One inscription known, recording a purchase of land.
Lugalshaengur inscription.jpg
c. 2550 BCE
High priest or ensi. Mentioned as Ensi of Lagash in a unique inscription on the macehead of Mesilim: “Mesilim, king of Kish, builder of the temple of Ningirsu, brought [this mace head] for Ningirsu, Lugalshaengur [being] prince of Lagash”.
c. 2500 BCE
King ("Lugal")
Inlay Akurgal Louvre AO11249.jpg
c. 2500 BCE
King, son of Ur-Nanshe
P1130735 Louvre stèle des Vautours rwk.JPG
c. 25th century BCE
Grandson of Ur-Nanshe, king, took Sumer away from Enshagkushana of Uruk and repulsed the armies of Kish, Elam and Mari
Enannatum I
The name of Enannatum I, ruler or king of Lagash is mentioned in this inscribed cuneiform text. Detail of a stone plaque. Circa 2420 BCE. From Girsu, Iraq. The British Museum, London.jpg
c. 25th century BCE
brother to Eanatum, high priest, Ur-Luma and Illi of Umma, as well as Kug-Bau of Kish gained independence from him.
Statue of Entemena, Iraq Museum.jpg
c. 25th century BCE
Son of Enanatum I, king, contemporary with Lugal-ure (or Lugalkinishedudu) of Uruk and defeated Illi of Umma
Enannatum II
British Museum - Room 56 (21162542886).jpg
Son of Entemena, last member of the dynasty of Ur-Nanshe.
Report to Enentarzi of the defeat of 600 Elamites who came to plunder Lagash.jpg
A priest of Lagash.
Seal Lugalanda Louvre AO13219.jpg
Clay cone Urukagina Louvre AO4598ab.jpg
c. 2300 BCE
king, defeated by Lugalzagesi of Uruk, issued a proclamation of social reforms.

The cuneiform text states that Enannatum I reminds the gods of his prolific temple achievements in Lagash. Circa 2400 BCE. From Girsu, Iraq. The British Museum, London

The name "Lagash" in vertical cuneiform of the time of Ur-Nanshe

The Anzû, symbol of Lagash, in a Master of Animals motif, at the time of Entemena

Border conflict with Umma (c. 2500 - 2300 BCE) :

Vase of King Gishakidu, king of Umma, and son of Ur-Lumma, giving the city of Umma's account of its long-running border dispute with Lagash. The vase redefines the frontier by recording the locations of stelae to the god Shara, as well as the distances between them. Circa 2350 BCE. From Umma, Iraq. Ref. 140889, British Museum, London.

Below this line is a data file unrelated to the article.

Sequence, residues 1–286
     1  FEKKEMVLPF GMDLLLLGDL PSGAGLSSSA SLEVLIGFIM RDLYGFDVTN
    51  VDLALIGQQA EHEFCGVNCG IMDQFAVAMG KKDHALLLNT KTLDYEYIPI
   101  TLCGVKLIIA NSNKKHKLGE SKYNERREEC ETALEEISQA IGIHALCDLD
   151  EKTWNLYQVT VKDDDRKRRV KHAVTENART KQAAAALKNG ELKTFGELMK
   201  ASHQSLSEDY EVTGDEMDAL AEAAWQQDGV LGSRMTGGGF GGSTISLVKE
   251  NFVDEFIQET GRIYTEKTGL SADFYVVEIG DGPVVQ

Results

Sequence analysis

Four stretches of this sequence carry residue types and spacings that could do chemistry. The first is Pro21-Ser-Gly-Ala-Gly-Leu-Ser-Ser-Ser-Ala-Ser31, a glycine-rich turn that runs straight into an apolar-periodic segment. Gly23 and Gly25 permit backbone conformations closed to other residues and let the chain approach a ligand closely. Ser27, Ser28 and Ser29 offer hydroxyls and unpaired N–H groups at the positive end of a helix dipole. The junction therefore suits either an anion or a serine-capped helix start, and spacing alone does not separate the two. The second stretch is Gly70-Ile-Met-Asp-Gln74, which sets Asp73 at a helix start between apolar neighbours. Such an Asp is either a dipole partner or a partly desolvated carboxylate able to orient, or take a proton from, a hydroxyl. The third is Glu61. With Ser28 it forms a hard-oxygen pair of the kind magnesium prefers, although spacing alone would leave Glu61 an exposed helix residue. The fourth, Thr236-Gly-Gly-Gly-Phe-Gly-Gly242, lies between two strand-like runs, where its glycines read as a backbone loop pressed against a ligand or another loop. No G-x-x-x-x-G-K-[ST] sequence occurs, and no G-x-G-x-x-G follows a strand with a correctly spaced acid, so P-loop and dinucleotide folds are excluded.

In c. 2450 BCE, Lagash and the neighbouring city of Umma fell out with each other after a border dispute. As described in Stele of the Vultures the current king of Lagash, Eannatum, inspired by the patron god of his city, Ningirsu, set out with his army to defeat the nearby city. Initial details of the battle are unclear, but the Stele is able to portray a few vague details about the event. According to the Stele's engravings, when the two sides met each other in the field, Eannatum dismounted from his chariot and proceeded to lead his men on foot. After lowering their spears, the Lagash army advanced upon the army from Umma in a dense phalanx. After a brief clash, Eannatum and his army had gained victory over the army of Umma. Despite having been struck in the eye by an arrow, the king of Lagash lived on to enjoy his army's victory. This battle is one of the earliest organised battles known to scholars and historians.

The armies of Lagash led by Eannatum in their conflict against Umma

Lancers of the army of Lagash against Umma

Destruction of Lagash by the Akkadian Empire (circa 2300 BCE) :

Fragments of the Victory Stele of Rimush. The Victory Stele also has an epigraphic fragment, mentioning Akkad and Lagash. It suggests the stele represents the defeat of Lagash by the troops of Akkad.